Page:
Digital healthcare: Security vs usability?
A decision between security & usability? How the factors security and usability influence each other in digital healthcare.
10. January 2023
The digitization of healthcare is an indispensable step in meeting current challenges such as staff shortages, cost pressures and sustainability. Digitally mapped processes and data offer scope for new diagnostic and treatment options in the context of personalized medicine and also facilitate communication between internal and external players within the healthcare system. Individual patients themselves are also given greater influence to manage their own health through various apps and freely available information on the Internet._
The benefits of a modern, digital healthcare system are crucial and unthinkable, yet an advancing digitalization of processes and data also means at the same time that there is a larger attack surface for cyberattacks. This is especially critical in the context of highly sensitive data processed in healthcare. It is therefore clear that digitization must always go hand in hand with a strong cybersecurity strategy. As part of this, a wide variety of measures are taken, such as providing special training for employees, protecting everyday processes and applications with passwords and, in the best case, multi-factor authentication, and only granting access to authorized persons. In the already overburdened healthcare sector, which has to be able to act very quickly at decisive moments, these important and sensible measures often fail due to usability. This is because, as a rule, not only one login is required here, but several, time-consuming logins with a large number of applications and personnel with different authorization levels. But does good security always have to go hand in hand with poor usability? Or is there another way and how do the two factors influence each other?
The relevance of usability & security in the context of digital health products
The first user experience with a digital application in the healthcare sector is often the registration and account setup process, as well as the subsequent login. If inadequate usability complicates the process, this negative user experience will result in a poorer overall impression of the product and prevent patients from using the health app willingly and conscientiously.
The same applies to the daily processes required in a professional context. For example, employees are given access with unique, secure passwords for each application to prevent unauthorized access to patient examination results that require protection. However, a variety of separate applications are used here, which require different passwords.
As a consequence of the poor user experience with a security feature that is difficult to understand or use, users are tempted to bypass these complicated steps. With multiple-use, simple passwords or shared access, they create a strong vulnerability in security. The effectiveness of a security measure therefore always depends on its usability: If it's not usable, it's not secure (Jared Spool). Conversely, this insight means that the two elements must be considered together from the outset. This process is referred to in practice as Security by Design, security aspects must be included in the development process from the beginning and all relevant stakeholders (IT, data protection, DevSecOps) must be involved throughout the course of the project.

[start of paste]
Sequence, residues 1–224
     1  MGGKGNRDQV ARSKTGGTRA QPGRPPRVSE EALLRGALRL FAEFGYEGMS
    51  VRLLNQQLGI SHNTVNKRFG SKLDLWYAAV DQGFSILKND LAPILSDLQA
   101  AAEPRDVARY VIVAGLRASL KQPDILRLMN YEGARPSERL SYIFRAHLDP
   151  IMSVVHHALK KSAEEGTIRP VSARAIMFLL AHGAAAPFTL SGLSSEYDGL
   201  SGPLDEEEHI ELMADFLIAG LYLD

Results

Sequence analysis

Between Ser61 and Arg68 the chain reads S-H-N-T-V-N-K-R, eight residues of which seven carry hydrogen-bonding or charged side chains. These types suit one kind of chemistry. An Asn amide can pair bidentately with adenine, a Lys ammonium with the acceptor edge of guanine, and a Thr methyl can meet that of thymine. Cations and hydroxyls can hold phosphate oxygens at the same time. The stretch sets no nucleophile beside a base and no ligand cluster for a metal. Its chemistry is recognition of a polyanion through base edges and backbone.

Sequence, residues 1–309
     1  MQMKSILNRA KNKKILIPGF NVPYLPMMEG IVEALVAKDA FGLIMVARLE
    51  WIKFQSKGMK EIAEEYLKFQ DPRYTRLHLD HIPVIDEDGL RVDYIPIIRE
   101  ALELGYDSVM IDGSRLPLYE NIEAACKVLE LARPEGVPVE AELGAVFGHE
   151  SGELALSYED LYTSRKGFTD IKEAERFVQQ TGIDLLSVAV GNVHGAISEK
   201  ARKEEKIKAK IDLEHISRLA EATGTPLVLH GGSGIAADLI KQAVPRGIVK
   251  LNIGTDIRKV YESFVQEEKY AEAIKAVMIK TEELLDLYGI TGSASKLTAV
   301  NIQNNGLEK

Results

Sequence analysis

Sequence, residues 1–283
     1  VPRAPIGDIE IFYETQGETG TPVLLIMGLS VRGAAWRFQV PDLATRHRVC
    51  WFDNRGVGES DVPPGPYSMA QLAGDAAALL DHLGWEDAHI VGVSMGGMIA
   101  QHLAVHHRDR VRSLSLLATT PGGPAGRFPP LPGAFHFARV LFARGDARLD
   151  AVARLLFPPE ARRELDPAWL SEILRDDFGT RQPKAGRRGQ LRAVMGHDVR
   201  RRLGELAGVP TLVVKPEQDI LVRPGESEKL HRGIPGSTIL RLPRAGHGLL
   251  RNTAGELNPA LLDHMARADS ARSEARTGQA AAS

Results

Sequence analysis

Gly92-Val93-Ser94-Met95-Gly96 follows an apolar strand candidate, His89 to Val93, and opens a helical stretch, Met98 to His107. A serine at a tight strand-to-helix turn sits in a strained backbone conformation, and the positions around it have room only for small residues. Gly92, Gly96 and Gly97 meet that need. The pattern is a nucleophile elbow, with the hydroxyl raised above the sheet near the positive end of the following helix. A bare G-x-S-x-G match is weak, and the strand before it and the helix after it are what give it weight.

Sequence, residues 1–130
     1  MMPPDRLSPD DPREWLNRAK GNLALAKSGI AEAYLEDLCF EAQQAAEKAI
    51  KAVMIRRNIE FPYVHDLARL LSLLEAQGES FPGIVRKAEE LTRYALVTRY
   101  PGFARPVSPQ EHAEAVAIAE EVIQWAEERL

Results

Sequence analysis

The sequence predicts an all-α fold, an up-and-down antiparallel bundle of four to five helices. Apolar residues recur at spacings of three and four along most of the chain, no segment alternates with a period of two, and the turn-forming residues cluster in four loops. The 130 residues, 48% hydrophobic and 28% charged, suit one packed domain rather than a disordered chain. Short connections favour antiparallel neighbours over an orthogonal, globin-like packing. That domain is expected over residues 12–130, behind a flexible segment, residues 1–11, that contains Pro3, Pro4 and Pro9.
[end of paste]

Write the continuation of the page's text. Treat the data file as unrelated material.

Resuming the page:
The basic development process for a secure & user-friendly solution.
From a user experience (UX) design perspective, this process starts with the basics of good software design, which also applies to security measures:
- Availability: access is always available when needed.
- Robustness: use is possible without glitches, data loss, or transmission errors.
- Error tolerance: The ability to correct data in the event of erroneous input.
- Comprehensibility: clear, explanatory language of information and error messages.
- Accessibility: The accessibility for different target groups.
- Reliability: Consistency in user guidance in the form of platform-specific style guides.
- Confidentiality: The protection of confidential data from unauthorized access.
In addition, the level of security required should be defined in advance. Considerations here include when which level of authentication is required, which data is collected, how many backups are necessary, and where they are stored. In order to include all relevant factors in the design process, UX designers have various toolsets at their disposal, such as user journey mapping, personas and also antipersonas. With the help of an antipersona, for example, the threat situation can be assessed in advance and the necessary countermeasures prioritized. Wireframes and prototypes help to implement these as comprehensibly as possible.
Usable security for digital health applications in practice